CONCORD, N.C. – When Steve Letarte first began his journey at Hendrick Motorsports, he had no idea what the future of his career would hold.
It didn’t take the teenager long, however, to realize that the chance the organization’s owner, Rick Hendrick, had given him was a special one.
“Without a doubt, at 16 I had no idea what the opportunity was,” Letarte said. “But very quickly it became clear to me what kind of opportunity he and the company had given me. When you look back on it now at 37, who knew 21 years ago, that opportunity to be the cleanup kid for the No. 24 car basically shaped the entire future of my career.”
And now, 21 years later – after moving up from a cleanup kid to a crew chief and now an analyst for NBC Sports – what still stands out to Letarte from his time at Hendrick Motorsports is Hendrick’s leadership.
One memory in particular has remained at the forefront of Letarte’s mind all these years.
Following Jeff Gordon’s 1995 championship, Hendrick went around the shop, thanking everybody by name.
“Even though my dad worked in the chassis shop,” Letarte recalled, “I thought he [Hendrick] had no idea who I was, but that’s not how the boss is. Mr. Hendrick knows everyone. There’s something unique about his presence where you feel like you have known each other a long time. He has that way of captivating the moment.”
Although the list of things Letarte has learned from Hendrick over the years “would need an index,” the NBC analyst said it all circles back to one fundamental concept.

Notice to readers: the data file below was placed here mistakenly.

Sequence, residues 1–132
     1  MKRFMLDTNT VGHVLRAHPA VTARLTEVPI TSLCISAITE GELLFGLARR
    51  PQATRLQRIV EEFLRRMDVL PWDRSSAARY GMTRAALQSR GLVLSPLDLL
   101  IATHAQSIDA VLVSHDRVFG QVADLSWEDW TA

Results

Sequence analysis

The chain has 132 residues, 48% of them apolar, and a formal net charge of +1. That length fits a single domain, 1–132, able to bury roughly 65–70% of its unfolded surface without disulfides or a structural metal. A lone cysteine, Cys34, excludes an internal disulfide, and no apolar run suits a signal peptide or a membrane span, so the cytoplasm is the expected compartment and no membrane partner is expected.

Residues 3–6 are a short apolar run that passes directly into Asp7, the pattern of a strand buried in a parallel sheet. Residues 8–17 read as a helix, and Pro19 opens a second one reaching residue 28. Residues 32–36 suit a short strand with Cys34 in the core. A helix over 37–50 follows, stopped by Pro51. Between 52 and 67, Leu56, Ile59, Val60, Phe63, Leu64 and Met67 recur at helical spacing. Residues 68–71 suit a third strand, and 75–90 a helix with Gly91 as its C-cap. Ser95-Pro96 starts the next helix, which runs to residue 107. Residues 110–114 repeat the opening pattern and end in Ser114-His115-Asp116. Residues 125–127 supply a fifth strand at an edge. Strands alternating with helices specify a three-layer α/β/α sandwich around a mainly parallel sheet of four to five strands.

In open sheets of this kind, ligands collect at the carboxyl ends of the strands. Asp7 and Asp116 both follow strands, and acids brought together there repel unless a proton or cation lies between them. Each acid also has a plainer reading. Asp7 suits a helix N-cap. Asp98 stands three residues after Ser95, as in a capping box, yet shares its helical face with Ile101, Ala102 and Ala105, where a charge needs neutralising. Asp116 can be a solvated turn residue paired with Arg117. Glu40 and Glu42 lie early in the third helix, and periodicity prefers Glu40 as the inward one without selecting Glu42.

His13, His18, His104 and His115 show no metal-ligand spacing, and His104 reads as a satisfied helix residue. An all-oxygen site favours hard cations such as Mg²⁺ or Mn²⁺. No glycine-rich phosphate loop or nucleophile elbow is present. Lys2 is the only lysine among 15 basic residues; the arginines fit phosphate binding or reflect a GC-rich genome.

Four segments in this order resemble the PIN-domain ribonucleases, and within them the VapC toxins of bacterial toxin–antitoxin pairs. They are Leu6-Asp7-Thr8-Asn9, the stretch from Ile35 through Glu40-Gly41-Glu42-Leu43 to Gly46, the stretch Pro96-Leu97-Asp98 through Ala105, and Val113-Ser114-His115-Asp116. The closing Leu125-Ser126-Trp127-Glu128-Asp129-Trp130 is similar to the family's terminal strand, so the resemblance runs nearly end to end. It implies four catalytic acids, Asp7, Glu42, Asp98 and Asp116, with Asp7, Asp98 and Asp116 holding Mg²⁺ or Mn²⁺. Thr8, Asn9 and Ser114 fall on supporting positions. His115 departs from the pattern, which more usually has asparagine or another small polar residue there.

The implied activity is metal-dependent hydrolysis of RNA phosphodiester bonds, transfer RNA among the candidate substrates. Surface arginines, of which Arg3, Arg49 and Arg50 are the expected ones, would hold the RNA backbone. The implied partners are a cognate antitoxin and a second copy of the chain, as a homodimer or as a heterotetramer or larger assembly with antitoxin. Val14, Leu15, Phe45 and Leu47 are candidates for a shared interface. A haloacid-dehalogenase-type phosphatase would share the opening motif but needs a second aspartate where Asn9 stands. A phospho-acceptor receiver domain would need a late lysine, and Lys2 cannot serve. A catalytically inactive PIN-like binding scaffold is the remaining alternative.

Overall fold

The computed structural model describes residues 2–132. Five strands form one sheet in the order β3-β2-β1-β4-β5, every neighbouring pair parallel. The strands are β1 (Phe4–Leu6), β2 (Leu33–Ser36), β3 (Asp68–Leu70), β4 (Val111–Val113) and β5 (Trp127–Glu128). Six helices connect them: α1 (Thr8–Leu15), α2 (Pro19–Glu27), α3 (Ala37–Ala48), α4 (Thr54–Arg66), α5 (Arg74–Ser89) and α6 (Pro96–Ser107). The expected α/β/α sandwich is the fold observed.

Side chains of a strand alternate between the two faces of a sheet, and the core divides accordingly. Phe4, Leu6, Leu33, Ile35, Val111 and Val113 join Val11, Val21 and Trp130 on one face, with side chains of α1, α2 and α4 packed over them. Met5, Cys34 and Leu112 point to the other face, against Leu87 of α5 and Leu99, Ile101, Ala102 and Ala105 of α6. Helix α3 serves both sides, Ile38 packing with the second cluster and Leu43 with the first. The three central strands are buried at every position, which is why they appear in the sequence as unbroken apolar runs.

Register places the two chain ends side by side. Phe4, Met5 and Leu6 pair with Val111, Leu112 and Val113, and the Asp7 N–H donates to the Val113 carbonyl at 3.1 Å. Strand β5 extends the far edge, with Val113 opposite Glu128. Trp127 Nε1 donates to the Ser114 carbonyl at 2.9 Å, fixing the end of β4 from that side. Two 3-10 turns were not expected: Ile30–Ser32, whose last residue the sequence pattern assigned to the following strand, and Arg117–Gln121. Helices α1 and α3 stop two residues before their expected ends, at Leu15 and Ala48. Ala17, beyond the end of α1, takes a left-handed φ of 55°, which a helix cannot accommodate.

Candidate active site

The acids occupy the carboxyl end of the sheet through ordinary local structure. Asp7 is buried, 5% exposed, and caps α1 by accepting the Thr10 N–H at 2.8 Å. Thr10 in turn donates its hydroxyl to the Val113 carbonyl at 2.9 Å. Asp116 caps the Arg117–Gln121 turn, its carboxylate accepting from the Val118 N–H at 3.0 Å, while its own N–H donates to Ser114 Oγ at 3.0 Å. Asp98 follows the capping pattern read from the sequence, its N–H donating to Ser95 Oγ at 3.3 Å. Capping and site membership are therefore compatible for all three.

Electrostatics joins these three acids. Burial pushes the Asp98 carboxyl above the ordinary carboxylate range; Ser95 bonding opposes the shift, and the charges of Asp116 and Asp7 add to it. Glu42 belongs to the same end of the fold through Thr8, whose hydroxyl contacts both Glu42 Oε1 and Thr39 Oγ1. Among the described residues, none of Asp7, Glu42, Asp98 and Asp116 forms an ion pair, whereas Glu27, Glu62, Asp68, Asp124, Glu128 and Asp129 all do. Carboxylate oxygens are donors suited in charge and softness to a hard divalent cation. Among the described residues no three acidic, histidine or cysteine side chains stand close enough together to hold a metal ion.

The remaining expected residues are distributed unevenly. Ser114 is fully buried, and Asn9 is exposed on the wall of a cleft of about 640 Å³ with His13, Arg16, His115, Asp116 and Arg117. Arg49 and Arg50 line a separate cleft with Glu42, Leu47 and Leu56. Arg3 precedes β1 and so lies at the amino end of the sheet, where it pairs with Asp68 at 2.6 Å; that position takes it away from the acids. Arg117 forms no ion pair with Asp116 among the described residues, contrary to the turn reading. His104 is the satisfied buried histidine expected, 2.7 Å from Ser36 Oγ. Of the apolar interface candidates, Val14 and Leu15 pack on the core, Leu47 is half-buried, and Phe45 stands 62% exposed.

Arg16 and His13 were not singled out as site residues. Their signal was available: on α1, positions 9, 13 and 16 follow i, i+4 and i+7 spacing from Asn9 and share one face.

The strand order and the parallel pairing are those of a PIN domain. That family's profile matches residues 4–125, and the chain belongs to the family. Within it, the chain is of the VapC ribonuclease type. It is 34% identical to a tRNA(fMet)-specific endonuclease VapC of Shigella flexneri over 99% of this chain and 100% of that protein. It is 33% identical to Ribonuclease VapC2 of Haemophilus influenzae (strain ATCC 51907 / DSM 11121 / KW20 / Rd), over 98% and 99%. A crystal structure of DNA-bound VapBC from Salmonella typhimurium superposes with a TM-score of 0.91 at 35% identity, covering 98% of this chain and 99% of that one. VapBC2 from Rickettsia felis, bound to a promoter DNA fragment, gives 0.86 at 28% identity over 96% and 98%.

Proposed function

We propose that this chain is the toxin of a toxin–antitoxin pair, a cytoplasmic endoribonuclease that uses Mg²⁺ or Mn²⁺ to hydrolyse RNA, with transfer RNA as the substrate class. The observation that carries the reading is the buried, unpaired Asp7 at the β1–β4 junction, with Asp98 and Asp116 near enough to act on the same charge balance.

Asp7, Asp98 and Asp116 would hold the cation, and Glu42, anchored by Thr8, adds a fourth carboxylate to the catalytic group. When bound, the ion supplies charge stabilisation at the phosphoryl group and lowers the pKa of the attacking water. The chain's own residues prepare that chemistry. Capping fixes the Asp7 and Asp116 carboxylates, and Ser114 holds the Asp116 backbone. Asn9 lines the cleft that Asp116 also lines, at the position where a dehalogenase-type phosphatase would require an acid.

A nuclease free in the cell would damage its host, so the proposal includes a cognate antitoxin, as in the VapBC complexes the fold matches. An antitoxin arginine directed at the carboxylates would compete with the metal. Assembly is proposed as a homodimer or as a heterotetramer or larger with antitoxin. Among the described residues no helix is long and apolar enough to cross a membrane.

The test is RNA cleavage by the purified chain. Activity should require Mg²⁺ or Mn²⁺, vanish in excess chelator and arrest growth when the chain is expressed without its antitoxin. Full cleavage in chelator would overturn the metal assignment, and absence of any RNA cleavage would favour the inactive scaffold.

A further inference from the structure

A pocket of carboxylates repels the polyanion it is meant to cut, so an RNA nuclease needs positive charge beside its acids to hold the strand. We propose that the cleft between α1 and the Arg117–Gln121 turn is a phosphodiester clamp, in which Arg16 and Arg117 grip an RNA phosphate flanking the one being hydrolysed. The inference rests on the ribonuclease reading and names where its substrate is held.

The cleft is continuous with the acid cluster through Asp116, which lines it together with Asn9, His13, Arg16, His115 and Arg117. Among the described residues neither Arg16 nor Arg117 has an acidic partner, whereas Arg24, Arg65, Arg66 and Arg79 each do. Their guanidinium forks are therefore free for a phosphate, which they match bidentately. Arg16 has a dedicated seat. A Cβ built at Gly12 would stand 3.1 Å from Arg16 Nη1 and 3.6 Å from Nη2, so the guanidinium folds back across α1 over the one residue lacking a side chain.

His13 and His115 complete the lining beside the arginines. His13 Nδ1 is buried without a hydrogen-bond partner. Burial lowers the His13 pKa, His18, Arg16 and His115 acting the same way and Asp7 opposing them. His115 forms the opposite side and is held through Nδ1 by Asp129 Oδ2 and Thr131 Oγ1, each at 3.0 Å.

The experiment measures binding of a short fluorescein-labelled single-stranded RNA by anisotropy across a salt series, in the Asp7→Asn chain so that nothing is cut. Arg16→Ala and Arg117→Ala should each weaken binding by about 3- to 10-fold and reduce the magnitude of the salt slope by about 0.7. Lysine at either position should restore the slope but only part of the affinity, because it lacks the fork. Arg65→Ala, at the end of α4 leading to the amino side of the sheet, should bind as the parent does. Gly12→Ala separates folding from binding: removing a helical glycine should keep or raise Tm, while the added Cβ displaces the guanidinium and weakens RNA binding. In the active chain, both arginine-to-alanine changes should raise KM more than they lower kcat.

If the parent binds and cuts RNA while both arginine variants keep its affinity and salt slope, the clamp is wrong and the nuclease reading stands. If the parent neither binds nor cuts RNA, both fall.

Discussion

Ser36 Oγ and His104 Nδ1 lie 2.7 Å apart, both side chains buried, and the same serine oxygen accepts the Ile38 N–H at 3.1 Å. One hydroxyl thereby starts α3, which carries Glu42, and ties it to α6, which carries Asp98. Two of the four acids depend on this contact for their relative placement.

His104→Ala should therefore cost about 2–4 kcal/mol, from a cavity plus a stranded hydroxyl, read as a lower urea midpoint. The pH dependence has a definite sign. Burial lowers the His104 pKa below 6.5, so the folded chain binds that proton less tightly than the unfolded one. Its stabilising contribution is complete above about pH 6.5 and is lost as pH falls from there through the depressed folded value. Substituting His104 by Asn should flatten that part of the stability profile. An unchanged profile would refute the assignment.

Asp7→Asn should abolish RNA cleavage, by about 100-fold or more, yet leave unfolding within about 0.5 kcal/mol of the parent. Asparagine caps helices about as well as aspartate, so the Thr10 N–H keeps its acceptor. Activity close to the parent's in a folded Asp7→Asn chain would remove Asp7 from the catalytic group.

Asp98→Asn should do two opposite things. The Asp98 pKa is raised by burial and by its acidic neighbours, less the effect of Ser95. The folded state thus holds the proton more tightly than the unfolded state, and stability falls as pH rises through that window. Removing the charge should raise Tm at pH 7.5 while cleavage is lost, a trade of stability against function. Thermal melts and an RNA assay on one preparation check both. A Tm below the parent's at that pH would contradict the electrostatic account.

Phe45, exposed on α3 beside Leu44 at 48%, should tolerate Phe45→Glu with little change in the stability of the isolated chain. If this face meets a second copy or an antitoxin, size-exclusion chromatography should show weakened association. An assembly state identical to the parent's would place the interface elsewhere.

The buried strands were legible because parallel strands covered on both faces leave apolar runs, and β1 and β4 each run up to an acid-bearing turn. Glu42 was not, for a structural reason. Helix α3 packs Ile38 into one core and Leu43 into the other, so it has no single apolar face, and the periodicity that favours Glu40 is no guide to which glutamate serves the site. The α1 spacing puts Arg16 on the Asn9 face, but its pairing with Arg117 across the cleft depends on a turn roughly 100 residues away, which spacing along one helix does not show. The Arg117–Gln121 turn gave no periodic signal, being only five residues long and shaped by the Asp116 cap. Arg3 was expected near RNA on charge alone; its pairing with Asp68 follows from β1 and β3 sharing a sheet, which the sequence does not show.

“Probably the number one thing is that any company, any sports team, any race team, it’s all about the people,” Letarte said. “And how you get good people is you treat them as you want to be treated.”
The mantra is one that Hendrick has upheld his entire career, across all aspects of the organization, which Letarte said is just one reason he belongs in the NASCAR Hall of Fame.
“I think there was zero question in the community if Rick Hendrick would be inducted in to the NASCAR Hall of Fame,” he said. “The question was always when.”
Now this Friday, Hendrick will join the class of 2017 as they don their Hall of Fame jackets and join the ranks of the Hall.
In Letarte’s mind, Hendrick is more than deserving of the honor.
“What stands out most to me is you have someone who is far from finishing his resume in racing, yet what has been written is more than enough to be in the Hall of Fame,” he explained. “The fact that the committee saw past the fact that he was continuing to compete and thought it was time to put him in, really is just the exclamation point on how deserving he is of the honor.”